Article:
Emily Blackburn carefully cuts leather for her customized creations. Photos by Natalie Green
Emily Blackburn carefully cuts leather for her customized creations. Photos by Natalie Green

[dropcap]Emily[/dropcap] Blackburn’s passion to create has moved her since she was very young, fueled by time spent in the woodshop with her dad.

“I was probably 10 when he had us working in the shop creating small things like footstools,” Blackburn says. “That really started my desire for creating an idea that you have in your mind to something tangible that you can hold in your hand.”

Then she read My Side of the Mountain, a story about a teenage boy who runs away to the Catskill Mountains, where he learns how to live off the land and make items necessary for his survival.

“I bought a rabbit pelt, and then found some materials around the house to make a purse. I loved that it was useful and it was interesting,” she says. “I pursued it as a hobby for many years. I bet it wasn’t very good work in the beginning, but I loved the challenge of sketching an idea, coming up with the dimensions, the pattern and then coming up with the final product.”

Blackburn, of Tulsa, specializes in making bags and wallets for her shop Blackburn Goods, all made from her choice medium: leather.

“It kind of develops to the person who owns it in a much more personal way than fabric does,” she says. “Leather hardens itself to hard use, and it actually kind of adapts to the environment. That’s a really interesting element.”

The material is not the only thing her designs share. They are also all practical pieces, many seeking to solve a problem – like her Kelly bag.

Photo by Natalie Green.

“I was frustrated with the small purses that can never fit everything, and purses that are too large that make my back hurt or make my shoulder hurt or I overfill,” she says. “So when I worked on the Kelly with this friend of mine, our goal was to have it fit a regular size iPad, have a large pocket on the outside, have two large pockets on the inside and an ability to grab the handle at the top and wear it crossbody style or shorten the strap if you wanted to wear it underneath your arm like an armbag. We took all these elements, the necessities and the design, and we put it all into a sketch.”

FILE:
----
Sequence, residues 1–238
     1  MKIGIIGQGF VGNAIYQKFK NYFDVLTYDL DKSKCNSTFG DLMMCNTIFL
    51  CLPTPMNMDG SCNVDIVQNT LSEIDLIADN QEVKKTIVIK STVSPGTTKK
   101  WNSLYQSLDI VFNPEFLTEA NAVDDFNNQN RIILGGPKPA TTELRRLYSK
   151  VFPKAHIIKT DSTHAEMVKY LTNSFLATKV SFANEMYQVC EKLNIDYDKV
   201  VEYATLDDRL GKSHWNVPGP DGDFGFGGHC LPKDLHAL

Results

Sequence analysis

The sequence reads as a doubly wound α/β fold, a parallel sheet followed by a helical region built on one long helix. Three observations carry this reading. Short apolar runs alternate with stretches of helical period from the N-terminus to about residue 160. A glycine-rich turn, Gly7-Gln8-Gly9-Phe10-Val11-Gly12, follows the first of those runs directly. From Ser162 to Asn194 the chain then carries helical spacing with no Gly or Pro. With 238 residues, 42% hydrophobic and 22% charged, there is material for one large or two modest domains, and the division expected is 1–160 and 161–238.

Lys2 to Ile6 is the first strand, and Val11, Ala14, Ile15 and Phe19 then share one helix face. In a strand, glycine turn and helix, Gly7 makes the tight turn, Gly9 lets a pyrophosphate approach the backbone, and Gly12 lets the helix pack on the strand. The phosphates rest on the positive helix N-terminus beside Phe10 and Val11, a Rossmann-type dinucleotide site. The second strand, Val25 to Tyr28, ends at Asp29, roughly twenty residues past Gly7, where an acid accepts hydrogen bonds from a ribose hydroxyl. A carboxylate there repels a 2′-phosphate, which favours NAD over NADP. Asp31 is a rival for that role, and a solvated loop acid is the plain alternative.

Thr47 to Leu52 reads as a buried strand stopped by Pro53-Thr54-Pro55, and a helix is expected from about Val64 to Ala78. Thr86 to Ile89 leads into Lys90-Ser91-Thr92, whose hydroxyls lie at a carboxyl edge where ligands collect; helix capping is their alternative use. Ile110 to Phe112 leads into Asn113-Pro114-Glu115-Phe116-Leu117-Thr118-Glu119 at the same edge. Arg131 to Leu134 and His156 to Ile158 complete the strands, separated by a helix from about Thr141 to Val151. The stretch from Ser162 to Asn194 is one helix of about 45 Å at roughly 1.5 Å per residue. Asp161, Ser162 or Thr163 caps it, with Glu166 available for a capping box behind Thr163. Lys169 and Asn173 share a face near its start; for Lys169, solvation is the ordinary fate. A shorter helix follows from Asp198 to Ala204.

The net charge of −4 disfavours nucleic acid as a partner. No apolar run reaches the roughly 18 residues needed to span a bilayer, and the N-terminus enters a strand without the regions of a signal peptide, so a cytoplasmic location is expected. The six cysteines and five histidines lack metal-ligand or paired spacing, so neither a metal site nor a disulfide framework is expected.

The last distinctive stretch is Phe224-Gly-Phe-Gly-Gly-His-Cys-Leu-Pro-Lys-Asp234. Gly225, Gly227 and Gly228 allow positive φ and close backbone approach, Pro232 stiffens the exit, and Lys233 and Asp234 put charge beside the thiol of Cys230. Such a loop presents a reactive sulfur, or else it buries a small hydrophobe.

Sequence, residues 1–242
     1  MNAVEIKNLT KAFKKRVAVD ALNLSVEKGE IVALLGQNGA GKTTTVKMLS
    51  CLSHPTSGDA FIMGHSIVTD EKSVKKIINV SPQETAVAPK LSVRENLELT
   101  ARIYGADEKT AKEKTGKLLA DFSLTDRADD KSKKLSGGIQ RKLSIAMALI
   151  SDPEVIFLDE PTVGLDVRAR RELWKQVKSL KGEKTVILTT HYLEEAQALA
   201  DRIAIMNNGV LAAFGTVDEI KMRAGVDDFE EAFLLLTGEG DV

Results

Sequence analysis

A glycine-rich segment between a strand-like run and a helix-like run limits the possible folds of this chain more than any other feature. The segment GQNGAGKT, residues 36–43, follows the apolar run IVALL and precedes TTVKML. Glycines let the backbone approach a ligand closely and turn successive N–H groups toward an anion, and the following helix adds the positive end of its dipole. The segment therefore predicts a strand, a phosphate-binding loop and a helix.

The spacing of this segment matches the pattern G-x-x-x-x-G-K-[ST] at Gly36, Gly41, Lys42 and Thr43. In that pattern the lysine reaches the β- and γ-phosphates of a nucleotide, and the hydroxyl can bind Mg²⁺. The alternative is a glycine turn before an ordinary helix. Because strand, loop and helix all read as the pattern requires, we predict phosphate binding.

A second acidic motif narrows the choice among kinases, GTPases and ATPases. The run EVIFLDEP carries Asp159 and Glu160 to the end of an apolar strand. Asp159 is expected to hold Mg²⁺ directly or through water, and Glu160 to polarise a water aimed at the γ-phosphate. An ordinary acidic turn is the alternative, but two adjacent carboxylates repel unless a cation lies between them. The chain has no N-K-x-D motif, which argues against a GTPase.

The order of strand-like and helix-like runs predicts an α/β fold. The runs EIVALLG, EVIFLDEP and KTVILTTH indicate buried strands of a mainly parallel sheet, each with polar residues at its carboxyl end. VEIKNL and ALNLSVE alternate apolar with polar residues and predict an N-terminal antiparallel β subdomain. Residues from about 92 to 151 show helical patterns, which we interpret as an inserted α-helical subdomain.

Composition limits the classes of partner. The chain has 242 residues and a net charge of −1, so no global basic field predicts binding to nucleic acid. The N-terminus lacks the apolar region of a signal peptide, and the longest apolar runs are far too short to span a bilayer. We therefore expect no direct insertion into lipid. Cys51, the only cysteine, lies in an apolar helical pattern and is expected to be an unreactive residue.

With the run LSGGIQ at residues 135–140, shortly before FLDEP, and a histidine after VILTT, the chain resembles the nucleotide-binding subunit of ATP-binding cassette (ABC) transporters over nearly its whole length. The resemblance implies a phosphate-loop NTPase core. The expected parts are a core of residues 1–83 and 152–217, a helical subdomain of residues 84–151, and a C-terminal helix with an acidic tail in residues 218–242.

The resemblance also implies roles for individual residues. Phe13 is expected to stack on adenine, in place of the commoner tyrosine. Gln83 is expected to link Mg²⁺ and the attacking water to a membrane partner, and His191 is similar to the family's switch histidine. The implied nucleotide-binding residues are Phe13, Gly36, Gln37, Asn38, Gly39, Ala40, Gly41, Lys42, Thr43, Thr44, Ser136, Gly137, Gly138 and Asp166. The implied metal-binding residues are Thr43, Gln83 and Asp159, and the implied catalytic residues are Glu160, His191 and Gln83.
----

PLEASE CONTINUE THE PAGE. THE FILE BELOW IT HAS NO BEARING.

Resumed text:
Once she has a sketch, she does a mock-up in butcher paper to tweak the pattern, using staples to keep it all together. Then it’s time to cut the leather.

“It’s kind of scary when you see this beautiful thing you’ve invested $120 in just the basic raw materials and you have to go and cut. And you can’t go back,” she says. “That’s the thing with leather; you can’t patch it up. You pretty much have to be sure of what you’re doing every time.”

Blackburn works diligently to ensure that everything she makes is just right, spending 20-30 hours on each new design.

“I want to create something that is probably three-quarters functional and one-quarter fashionable,” she says. “Classic elements like functionality, storage, organization and just the quality that comes from something being handmade – those things will never go out of style.”

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